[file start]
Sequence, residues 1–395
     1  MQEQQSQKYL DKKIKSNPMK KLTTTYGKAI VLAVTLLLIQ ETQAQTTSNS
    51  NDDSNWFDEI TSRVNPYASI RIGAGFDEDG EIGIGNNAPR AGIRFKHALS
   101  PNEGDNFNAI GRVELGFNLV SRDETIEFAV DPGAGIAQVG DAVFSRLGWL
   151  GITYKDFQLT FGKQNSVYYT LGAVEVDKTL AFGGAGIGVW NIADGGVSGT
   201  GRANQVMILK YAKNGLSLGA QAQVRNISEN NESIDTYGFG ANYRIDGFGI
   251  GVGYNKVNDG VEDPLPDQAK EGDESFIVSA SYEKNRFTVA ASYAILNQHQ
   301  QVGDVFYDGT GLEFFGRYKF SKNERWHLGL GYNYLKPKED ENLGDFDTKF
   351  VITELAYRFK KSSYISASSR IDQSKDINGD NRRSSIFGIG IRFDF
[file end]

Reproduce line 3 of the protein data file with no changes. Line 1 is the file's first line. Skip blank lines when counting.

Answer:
    51  NDDSNWFDEI TSRVNPYASI RIGAGFDEDG EIGIGNNAPR AGIRFKHALS